The engineers claimed that the bridge was safe; however, they were still not prepared to risk crossing.
— University of New England —
If you want to improve your punctuation try the ‘Eats, Shoots and Leaves’ game based on the Lynne Truss book.
The Poetry Archive has a useful Glossary of Poetic Terms. You can use this glossary to check how to pronounce a word or phrase, find out what it means and learn how to use it in a sentence. You can explore some of the ways in which poets use language, the choices they make and the effects those choices create. There are examples to read and listen to, in poems specially chosen from the Poetry Archive. It is a great site to check out if you are in a 202 class and revising for Unfamiliar Texts.
Figurative language is essential in certain types of writing to help convey meaning and expression. Figurative language is often necessary to convey the exact meaning in a vivid and artistic manner. If the writer does not create an image in the readers mind, he or she may lose the reader’s attention and holding the attention of the reader is the writer’s goal.
Language using figures of speech such as simile, hyperbole, metaphor, symbolism and personification to form imagery is figurative language. It is used to:
- increase shock,
- for novelty,
- give illustrative consequences.
Examples of figurative language:
- A simile is a comparison between two objects using the words “like” or “as.” “Her eyes are like stars!”
- A hyperbole is a very strong exaggeration. “Her smile is as wide as the ocean!”
- A metaphor is the comparison between two objects. “His eyes are jewels!”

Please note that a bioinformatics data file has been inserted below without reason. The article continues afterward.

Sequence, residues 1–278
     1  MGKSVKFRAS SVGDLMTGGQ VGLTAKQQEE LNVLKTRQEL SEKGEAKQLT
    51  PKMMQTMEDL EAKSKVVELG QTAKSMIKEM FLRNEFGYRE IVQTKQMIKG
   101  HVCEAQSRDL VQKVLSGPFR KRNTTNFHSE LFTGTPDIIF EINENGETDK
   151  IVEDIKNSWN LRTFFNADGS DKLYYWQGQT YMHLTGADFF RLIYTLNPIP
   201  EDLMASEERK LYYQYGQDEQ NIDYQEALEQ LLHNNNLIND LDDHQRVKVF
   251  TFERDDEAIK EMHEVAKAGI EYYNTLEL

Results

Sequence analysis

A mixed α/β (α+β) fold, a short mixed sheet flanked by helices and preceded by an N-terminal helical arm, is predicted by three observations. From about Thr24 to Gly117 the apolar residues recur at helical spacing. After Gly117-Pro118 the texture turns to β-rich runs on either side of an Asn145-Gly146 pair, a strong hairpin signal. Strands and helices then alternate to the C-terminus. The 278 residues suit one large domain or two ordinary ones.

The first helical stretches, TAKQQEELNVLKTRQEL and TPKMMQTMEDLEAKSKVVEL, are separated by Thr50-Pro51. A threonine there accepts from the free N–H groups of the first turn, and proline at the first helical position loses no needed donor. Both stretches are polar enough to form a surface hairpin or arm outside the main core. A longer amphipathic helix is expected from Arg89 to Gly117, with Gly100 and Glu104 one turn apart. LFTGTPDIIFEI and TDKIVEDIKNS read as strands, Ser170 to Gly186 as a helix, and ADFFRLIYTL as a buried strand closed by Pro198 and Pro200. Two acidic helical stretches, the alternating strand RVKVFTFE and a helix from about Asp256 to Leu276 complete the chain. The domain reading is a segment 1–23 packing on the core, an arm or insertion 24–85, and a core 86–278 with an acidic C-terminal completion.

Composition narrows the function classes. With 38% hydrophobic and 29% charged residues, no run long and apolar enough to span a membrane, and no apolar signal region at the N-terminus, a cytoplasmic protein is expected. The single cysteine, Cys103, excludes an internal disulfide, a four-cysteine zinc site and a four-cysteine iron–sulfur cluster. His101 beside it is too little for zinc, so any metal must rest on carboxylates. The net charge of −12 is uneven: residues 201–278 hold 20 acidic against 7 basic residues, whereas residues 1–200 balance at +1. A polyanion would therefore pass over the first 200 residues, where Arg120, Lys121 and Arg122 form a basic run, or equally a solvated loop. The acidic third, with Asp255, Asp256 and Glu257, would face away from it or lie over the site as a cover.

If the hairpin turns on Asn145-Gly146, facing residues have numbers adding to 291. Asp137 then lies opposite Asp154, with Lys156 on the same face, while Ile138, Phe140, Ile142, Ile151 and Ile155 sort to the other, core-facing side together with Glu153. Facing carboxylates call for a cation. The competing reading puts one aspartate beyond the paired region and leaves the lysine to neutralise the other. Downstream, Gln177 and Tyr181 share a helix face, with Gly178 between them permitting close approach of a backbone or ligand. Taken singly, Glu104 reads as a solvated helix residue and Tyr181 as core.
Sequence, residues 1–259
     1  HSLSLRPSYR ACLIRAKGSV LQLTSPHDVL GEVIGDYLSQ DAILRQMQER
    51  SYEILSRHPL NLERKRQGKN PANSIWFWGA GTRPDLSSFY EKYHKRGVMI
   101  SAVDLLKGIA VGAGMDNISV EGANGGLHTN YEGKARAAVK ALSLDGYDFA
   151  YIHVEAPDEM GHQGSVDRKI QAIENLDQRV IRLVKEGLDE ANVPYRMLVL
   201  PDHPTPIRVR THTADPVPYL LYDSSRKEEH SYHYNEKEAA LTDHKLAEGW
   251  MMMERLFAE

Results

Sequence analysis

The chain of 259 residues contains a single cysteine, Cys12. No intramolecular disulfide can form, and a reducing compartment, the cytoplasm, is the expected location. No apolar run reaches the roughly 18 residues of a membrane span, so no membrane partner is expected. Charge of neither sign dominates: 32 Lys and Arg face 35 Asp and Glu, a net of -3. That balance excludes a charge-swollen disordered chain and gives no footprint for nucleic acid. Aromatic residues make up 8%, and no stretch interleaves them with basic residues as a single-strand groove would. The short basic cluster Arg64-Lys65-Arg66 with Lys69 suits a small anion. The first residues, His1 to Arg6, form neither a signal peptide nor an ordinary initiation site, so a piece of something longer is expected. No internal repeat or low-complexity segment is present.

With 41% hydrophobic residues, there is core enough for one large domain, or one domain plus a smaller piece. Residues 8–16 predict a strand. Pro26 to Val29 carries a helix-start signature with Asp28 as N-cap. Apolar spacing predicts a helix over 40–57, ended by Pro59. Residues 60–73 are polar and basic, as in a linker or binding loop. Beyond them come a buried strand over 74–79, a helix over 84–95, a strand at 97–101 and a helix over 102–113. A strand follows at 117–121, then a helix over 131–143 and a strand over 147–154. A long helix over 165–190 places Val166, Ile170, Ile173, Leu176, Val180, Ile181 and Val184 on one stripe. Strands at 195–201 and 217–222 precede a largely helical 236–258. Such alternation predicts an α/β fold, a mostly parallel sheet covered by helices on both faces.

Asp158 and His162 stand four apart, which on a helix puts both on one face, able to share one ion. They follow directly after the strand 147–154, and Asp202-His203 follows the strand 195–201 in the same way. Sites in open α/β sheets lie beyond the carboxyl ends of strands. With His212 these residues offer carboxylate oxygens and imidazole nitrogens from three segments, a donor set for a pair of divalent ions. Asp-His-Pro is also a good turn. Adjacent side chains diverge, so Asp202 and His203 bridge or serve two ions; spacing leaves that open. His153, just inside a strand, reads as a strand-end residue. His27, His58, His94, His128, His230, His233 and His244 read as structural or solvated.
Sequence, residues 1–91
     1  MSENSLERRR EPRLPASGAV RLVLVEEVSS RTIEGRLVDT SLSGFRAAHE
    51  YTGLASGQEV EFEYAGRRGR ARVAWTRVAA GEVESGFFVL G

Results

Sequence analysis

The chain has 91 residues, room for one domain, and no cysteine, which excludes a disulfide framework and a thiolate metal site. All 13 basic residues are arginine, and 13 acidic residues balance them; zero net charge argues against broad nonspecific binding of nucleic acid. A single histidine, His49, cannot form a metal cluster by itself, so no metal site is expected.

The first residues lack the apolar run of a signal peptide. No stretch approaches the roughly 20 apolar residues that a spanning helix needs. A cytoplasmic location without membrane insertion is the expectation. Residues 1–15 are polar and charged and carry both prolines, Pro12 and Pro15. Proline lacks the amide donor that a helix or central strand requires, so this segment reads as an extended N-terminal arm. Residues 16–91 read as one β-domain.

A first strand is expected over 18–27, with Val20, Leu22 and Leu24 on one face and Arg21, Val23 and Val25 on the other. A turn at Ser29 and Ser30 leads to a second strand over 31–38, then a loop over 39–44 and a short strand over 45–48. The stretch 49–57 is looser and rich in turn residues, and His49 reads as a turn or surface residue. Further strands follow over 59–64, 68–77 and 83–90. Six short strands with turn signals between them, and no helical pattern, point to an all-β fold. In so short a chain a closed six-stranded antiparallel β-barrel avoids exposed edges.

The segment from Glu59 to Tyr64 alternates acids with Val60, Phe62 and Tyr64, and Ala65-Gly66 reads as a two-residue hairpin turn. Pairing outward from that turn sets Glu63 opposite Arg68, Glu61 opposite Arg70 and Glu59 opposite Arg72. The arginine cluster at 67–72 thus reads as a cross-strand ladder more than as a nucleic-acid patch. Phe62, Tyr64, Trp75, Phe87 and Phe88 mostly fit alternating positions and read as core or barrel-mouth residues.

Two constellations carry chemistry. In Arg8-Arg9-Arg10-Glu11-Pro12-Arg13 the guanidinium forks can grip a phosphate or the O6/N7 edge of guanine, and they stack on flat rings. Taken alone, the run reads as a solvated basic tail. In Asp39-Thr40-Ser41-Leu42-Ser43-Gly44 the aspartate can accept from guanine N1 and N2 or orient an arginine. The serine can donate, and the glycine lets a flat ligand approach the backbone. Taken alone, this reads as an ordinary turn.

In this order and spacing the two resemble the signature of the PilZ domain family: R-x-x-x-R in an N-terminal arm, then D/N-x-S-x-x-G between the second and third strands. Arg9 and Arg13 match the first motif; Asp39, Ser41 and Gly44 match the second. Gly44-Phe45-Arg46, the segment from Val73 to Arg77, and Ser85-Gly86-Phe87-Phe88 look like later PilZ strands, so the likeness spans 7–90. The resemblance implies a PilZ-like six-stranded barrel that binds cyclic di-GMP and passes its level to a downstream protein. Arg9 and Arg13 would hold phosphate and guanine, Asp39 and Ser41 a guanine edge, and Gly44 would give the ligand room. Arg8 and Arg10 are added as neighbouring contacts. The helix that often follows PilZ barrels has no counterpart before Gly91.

- Personification gives an inhuman thing human quality. “The diamonds are jealous of your beauty!”
- Image is the representation sense. Words, which appeal the senses such as a visual image, could be called a mental picture. “Two trees converged in a velvet meadow.”
- Symbol is a specific idea or object to represent ideas, values, or ways of life. A symbol is usually something more than what it seems. “The path not seen.”
- A paradox is a contradiction, which in reality is true. “Where ignorance is joy, it is foolishness to be wise.”
- Tone is the attitude of style or expression used to write
- Mood is the emotion the writing delivers to the reader.
- Alliteration is the repetition of the initial consonant consecutively or within a couple words of each other. “The tiny tot told two tales that totally twisted the truth.” “Two tales were told that spoke silently of the truth of the matter.”
- Allusion is pointing to something from literature or history to express your point. The word allusion is used to describe this figurative form of language because it is generally a brief, incidental or casual reference. Allusion is never a detailed lengthy description. Allusion is used in hopes of triggering an association to portray a meaning. “He’s a real little Hitler!”
It is the author’s plan to create with words imagery that will cause the reader to smell, hear, taste and feel the story as it is read. Figurative language can make its point without the tedious use of long drawn out sentences. The use of similes and metaphors in writing helps to bring it to life.